Sunday, March 16, 2008

I was in My Lai, Vietnam in December and have thought much about that day, as it was one of the most profound experiences in my life to this time. I went to Vietnam to try and understand; to try and get it-- what happened there that irrevocably textured the souls and spirits of so many people I have know and love. There is Tim from the old neighborhood, the Navy Seal, who came back a bona fide drug addict. There is our cousin Butch, the infantryman, who suffered from Post Traumatic Stress his entire adult life. There is my best friend's husband, Dick the Air Force pilot, who was not able to emotionally connect with his wife as she fought and lost her battle with lymphatic cancer. There was my own brother, who doesn't talk about it to this day, saying only, I don't want the FBI showing up here. And it was not only them, it was us. Every college campus in this country was ravaged by the differences of opinion around war. Parents and children were alienated and estranged; families underwent separation as children moved to Canada; neighborhoods became awkward for the families left behind. It was a time of routine chaos, strife, and violence. And it became as normal in the cities, towns and communities of the USA as it was in the villages and cities of North and South Vietnam.

Maybe because I was a girl, maybe because I was younger, maybe because I just don't get it, I just didn't get it. I just didn't understand. And everyone, everywhere was talking about it; mostly in passionate, disturbed rhetoric. And my unfailing intuition, fully formed even then, failed me as well as the logic and rationale of the whole thing. I just didn't get it. And after, when it was all over, beautiful, gorgeous boys who were now men came home, caricatures of themselves, taking years and years and years to heal. I was extremely sensitive to the prevailing conflict of the time and the hurt and pain this conflict caused stayed with my for most of my adult life.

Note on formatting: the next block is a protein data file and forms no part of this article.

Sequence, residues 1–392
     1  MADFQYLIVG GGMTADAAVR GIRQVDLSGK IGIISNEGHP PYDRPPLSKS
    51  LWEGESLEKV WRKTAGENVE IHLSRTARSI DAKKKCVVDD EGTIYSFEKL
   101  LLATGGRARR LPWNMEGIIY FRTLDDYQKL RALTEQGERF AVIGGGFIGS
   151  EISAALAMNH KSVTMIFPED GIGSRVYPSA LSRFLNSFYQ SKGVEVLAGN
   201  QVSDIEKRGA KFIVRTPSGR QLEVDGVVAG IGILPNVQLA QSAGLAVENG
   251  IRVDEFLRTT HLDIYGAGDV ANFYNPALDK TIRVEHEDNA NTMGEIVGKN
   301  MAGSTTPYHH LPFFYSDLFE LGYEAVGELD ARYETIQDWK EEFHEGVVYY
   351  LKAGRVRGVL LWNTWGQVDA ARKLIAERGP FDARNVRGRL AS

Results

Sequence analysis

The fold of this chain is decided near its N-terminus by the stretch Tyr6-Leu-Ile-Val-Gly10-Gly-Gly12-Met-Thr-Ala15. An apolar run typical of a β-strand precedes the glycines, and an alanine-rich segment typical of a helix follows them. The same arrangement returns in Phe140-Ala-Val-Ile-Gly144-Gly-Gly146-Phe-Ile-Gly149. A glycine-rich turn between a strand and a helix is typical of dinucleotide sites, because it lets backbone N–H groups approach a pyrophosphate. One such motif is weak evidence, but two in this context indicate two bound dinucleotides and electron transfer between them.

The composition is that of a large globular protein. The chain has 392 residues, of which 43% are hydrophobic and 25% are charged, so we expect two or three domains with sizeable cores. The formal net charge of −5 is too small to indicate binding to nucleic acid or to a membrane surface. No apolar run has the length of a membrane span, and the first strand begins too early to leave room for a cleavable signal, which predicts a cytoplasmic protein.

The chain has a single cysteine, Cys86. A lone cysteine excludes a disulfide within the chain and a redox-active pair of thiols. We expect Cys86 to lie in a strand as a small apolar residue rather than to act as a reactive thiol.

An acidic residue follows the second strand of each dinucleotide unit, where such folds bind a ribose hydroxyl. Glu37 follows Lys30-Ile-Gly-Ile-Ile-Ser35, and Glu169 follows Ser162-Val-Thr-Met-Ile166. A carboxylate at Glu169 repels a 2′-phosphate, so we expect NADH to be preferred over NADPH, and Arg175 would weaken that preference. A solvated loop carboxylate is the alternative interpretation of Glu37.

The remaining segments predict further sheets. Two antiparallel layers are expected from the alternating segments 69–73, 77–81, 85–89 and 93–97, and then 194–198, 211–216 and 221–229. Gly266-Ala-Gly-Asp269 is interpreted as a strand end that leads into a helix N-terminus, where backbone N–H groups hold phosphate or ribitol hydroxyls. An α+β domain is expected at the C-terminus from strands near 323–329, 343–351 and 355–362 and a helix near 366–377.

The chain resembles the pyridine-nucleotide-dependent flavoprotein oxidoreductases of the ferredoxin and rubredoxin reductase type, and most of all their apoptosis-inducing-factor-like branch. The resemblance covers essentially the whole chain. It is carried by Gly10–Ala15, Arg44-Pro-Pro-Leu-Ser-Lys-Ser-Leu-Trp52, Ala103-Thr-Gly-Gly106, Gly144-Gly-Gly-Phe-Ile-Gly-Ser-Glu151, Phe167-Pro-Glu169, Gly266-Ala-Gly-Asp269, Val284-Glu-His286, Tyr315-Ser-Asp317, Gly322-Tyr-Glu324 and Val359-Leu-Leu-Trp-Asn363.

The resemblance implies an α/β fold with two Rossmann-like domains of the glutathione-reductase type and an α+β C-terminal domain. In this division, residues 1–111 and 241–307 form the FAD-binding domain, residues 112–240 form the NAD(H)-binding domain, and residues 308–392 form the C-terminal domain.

So I've always wondered about Vietnam. In your life, it's completely true that everything has its season. If you would have told me the spring that my little boy Ben was born, that after I raised him and his brother and sister, I'd set out to see the world, I would have laughed. I would have been charmed and interested, but I would have laughed. I'm from Tenth and Penn Ave; we don't vacation in Southeast Asia. We jump in the moho and our husbands take us to the Oregon coast for vacation. But Vietnam has haunted me always and I wanted to face it and see for myself, because I wanted to understand. How could this have happened to The Land of the Free and The Home of the Brave?

So I ended up in Vietnam by myself. And I knew I'd be going to My Lai and I dreaded it from the very moment the plane touched down in Ho Chi Minh City.

The 'Kan EWA

1 comment:

MarmiteToasty said...

I have no words.... just smiles....